Duties of the Spirit
as far as we can see, and as far as we can’t.
—Patricia Fargnoli, “Small Wisdoms”
In 2004 Patricia Fargnoli produced Small Songs of Pain (Pecan Grove Press), a sequence of 37 poems inspired by Marc Chagall’s 1920s paintings portraying LaFontaine’s fables. Although such an endeavor may seem to have the potential of being limiting to the poet because of the precise content of the paintings and the derived context of the fables, wisely Fargnoli often allowed herself to wander from an objective rendering of the content or a strict interpretation of the context; instead, she invited readers to witness inventive personal impressions and innovative flights of insight arising from a skillful ability to closely observe and openly imagine the emotions one might attach to such images or the concerns that might accompany such narratives.
Patricia Fargnoli’s new book-length collection, Duties of the Spirit (Tupelo Press, 2005), presents a wonderful blending of the characteristics displayed in the two volumes. The poems in this new volume continue to demonstrate the shrewd wisdom, generous spirit, and astute intuition introduced to readers in Fargnoli’s first book with the keen observation and free association needed to assure originality in the second collection. In addition, the poems show once more Fargnoli’s command of language and careful crafting of lines. The voice of the poet is reassuring and welcoming, while at the same time exhibiting vulnerability and humility.
However, again and again, readers are repeatedly impressed by Fargnoli’s refreshing images of nature—the surrounding landscape and its animal inhabitants, the borders between wilderness and civilization, or the long course of coastline that separates the land-locked speakers in the poems from the vast openness of the ocean before them. Readers are particularly rewarded with poems revealing instances and experiences where contrasting elements of different habitats meet or the distinct environments come into conflict, as well as when an individual resident of one world trespasses upon another. On just such occasions, Patricia Fargnoli’s poems resemble most closely similar pieces by Elizabeth Bishop. Indeed, if a poetic kinship with Fargnoli were to be determined, Elizabeth Bishop would be a prime candidate.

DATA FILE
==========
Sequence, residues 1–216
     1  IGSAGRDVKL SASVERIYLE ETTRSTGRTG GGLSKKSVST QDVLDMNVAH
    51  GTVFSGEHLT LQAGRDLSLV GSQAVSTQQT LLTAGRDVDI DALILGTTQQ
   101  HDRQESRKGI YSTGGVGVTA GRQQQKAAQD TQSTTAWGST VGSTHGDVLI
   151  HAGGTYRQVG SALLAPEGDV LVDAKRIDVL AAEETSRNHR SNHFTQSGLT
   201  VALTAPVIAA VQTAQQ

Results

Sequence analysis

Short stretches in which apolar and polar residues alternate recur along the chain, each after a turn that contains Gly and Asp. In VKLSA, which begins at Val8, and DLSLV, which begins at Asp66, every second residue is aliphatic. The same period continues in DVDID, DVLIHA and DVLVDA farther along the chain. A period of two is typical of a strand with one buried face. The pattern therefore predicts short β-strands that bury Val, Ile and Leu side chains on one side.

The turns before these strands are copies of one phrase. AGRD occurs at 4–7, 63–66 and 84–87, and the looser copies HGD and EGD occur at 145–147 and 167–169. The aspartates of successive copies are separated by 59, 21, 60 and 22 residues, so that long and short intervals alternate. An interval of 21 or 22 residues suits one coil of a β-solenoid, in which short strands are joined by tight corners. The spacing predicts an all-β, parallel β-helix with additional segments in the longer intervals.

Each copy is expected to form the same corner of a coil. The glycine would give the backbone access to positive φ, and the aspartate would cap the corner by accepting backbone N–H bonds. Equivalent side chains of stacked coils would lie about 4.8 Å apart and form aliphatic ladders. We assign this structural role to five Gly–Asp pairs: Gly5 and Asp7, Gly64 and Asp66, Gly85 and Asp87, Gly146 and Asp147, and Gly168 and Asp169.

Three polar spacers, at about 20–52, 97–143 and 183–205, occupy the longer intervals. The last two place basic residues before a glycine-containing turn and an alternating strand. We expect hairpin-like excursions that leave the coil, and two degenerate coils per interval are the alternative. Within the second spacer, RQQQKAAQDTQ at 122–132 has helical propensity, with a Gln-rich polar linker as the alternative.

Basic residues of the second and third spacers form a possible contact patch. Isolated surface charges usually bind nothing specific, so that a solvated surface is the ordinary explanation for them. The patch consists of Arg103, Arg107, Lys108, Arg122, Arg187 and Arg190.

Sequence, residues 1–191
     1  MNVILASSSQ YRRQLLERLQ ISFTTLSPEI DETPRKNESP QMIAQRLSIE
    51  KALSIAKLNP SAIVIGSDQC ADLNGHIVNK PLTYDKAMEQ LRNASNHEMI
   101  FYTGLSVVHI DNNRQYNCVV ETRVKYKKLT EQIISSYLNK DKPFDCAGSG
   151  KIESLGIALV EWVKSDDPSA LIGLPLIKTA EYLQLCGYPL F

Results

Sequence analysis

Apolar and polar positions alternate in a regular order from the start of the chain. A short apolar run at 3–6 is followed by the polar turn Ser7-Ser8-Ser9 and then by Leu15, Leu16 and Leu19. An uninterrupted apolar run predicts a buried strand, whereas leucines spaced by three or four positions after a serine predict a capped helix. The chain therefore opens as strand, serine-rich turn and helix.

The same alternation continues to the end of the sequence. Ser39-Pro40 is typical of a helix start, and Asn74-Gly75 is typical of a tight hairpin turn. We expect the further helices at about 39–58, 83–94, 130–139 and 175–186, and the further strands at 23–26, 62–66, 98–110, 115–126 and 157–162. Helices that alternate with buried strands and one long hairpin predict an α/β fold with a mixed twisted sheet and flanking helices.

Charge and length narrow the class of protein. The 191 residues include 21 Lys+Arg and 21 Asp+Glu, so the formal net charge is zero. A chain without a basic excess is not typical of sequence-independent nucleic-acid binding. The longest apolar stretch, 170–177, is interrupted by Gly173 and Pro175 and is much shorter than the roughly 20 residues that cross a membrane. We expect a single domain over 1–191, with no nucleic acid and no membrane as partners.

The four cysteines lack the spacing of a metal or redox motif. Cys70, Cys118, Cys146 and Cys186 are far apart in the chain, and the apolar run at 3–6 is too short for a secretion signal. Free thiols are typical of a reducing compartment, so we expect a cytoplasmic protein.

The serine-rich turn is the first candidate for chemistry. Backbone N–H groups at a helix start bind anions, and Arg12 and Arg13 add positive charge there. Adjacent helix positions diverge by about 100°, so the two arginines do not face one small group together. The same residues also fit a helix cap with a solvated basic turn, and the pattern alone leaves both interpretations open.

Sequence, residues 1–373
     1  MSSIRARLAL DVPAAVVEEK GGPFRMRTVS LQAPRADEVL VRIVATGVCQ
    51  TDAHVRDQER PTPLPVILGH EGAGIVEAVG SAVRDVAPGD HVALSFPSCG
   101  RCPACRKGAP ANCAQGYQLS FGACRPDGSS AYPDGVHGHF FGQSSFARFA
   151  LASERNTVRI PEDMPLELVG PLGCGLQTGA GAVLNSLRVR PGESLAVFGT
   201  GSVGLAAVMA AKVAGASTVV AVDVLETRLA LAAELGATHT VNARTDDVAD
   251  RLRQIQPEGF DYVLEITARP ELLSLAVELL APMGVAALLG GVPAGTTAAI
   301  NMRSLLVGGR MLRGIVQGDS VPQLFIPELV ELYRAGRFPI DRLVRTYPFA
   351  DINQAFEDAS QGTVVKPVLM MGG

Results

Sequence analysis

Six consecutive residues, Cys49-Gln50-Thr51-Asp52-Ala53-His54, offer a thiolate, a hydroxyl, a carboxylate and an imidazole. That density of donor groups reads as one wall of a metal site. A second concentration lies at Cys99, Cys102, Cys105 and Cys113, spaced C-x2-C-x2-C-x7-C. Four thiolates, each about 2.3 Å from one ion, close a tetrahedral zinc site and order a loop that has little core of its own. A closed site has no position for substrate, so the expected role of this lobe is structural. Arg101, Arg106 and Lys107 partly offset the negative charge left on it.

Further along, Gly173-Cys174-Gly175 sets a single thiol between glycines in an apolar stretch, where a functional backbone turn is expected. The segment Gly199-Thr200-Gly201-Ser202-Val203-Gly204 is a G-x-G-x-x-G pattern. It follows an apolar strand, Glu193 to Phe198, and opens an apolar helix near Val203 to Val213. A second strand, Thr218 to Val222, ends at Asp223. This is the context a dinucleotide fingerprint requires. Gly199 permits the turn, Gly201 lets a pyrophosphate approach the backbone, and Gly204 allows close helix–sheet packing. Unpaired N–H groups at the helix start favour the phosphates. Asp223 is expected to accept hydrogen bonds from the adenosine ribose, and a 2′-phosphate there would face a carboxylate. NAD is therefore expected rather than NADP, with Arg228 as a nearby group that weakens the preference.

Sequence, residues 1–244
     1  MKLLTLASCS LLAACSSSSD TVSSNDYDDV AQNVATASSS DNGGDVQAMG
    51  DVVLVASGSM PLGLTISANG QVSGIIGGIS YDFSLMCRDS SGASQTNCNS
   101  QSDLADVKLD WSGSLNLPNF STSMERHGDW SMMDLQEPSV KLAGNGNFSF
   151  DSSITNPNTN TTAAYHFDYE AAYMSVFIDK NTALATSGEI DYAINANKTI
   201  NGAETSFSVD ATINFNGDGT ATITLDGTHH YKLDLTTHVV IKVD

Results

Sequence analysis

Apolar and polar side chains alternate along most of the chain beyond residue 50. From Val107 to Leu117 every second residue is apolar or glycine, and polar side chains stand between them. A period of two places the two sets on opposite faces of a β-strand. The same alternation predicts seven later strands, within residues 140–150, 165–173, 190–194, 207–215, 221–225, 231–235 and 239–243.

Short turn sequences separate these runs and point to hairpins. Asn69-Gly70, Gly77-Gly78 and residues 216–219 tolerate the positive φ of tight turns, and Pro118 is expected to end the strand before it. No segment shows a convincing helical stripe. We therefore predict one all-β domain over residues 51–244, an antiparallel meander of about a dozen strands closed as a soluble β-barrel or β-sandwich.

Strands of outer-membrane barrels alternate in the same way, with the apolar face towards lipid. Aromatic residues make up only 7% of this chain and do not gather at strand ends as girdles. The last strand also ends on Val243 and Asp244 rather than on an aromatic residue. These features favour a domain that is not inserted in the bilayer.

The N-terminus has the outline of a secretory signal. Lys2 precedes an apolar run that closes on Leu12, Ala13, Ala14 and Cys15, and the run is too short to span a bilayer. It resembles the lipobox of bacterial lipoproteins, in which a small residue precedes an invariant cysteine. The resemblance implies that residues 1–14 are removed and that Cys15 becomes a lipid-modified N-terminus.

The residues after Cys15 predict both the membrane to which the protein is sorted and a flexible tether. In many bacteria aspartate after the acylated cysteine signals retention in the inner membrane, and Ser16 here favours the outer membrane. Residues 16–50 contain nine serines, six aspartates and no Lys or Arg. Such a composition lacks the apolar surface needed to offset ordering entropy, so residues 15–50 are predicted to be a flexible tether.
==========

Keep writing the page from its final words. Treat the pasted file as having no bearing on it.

Marianne Moore, the nearest poetic spirit to Elizabeth Bishop, once commented in her review of Bishop’s first book, North & South: “Elizabeth Bishop is spectacular in being unspectacular.” Likewise, Patricia Fargnoli is at her best when a poem subtly allows observation of the outer world of nature to be comprehended and complemented by the inner realizations arrived at naturally by the poet or speaker, small wisdoms by a writer with a large spirit, rather than forced to fit some preconceived notion or manipulated by a desire to close the poem with a clever, but unearned line. As in Bishop’s poetry, there also exists a persistent sense of loss, or fear of losing, and an elegiac feeling to many of Fargnoli’s poems as they examine issues of illness and dying, death or absence, aging and pain, as well as human conflict or diminishment of nature. Similar to Bishop’s poetry, Fargnoli’s poems pose questions with an exacting clarity of purpose, yet with a consistent charity of human kindness.